The ability of animals to maneuver over obstacles and uneven surfaces is unparalleled by any man-made robots. This has inspired researchers to investigate neuromechanical mechanisms of animal locomotion and to incorporate biological principles into the design of robots capable of agile locomotion in complex environments.
Basic walking patterns and voluntary control are both often disrupted after neurological injuries (e.g., stroke). My laboratory’s long-term goals are to integrate knowledge about the neural mechanisms for walking control in humans, and to develop neurorehabilitation tools that can improve complex walking function after brain injury.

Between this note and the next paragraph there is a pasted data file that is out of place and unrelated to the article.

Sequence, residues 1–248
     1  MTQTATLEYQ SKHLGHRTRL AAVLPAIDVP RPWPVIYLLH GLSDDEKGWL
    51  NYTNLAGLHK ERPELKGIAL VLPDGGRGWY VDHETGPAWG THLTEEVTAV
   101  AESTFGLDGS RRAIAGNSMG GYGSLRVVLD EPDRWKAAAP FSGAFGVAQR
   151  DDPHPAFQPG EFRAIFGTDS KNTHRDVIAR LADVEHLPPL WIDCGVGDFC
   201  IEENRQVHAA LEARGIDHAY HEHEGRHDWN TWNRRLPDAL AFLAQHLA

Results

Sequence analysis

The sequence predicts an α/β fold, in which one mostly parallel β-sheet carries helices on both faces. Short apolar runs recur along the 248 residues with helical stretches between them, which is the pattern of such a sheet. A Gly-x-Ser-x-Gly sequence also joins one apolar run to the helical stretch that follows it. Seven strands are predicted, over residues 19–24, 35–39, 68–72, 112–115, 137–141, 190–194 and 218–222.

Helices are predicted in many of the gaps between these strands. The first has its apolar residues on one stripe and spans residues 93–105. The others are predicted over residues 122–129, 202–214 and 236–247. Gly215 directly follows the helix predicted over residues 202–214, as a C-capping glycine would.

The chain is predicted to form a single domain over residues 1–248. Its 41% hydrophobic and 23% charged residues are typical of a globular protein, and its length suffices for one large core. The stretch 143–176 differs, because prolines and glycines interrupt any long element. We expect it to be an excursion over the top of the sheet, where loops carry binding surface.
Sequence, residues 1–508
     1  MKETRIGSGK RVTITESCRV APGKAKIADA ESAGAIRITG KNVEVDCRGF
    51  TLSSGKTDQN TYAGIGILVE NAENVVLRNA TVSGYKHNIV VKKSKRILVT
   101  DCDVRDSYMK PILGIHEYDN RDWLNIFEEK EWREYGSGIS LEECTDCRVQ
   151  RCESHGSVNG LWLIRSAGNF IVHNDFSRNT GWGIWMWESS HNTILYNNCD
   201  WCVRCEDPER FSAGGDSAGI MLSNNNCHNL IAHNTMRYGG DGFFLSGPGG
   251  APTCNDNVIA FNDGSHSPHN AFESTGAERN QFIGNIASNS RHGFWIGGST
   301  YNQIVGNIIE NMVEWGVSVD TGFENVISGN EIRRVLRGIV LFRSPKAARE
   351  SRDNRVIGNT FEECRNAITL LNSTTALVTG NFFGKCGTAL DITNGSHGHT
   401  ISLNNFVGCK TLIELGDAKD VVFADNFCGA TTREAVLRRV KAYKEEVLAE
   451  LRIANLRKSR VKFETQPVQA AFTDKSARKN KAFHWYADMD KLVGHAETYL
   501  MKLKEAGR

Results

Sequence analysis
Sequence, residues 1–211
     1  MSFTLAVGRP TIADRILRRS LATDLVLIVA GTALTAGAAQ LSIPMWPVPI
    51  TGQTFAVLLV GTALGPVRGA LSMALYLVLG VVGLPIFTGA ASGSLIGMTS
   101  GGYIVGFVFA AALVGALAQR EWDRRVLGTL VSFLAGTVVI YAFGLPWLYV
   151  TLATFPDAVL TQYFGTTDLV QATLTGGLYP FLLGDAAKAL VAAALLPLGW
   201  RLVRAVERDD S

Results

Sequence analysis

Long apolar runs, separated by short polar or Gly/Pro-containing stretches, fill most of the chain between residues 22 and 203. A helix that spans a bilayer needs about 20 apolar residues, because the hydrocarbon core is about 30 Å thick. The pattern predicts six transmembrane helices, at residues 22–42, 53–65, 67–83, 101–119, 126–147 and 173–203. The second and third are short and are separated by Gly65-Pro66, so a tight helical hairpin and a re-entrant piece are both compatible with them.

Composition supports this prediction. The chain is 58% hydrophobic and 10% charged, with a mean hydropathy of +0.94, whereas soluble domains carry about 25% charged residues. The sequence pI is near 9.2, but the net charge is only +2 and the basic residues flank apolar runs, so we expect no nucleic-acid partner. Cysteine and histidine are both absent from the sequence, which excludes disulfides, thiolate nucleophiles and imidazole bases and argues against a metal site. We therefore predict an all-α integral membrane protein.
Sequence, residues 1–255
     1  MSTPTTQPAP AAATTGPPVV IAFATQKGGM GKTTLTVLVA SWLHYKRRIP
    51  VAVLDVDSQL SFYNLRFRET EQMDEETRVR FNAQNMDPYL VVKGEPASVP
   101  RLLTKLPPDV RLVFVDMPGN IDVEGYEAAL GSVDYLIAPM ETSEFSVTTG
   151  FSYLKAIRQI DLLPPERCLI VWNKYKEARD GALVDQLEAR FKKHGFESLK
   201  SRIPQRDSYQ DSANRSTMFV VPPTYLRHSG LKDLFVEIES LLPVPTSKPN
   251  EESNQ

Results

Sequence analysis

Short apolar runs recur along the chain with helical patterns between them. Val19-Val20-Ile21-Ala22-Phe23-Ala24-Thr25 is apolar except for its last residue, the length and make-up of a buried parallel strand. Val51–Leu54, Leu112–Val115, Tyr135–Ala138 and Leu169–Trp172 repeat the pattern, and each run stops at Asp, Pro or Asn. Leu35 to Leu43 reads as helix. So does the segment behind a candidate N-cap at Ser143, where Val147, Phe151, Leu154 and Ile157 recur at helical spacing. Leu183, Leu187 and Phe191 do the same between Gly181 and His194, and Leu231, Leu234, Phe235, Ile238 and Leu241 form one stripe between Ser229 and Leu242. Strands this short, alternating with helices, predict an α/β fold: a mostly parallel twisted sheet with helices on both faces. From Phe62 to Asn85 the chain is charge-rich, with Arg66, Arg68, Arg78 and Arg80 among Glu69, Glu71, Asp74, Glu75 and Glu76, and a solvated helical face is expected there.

In my talk, I will discuss the following questions related to walking adaptation: How does the human nervous system adapt walking patterns to novel contexts (e.g., split-belt treadmill walking)? What are the affects of brain damage? Can we augment adaptation using visual feedback? Can we extend training effectively using home-based devices (e.g., Microsoft Kinect, passive split-belt treadmill)?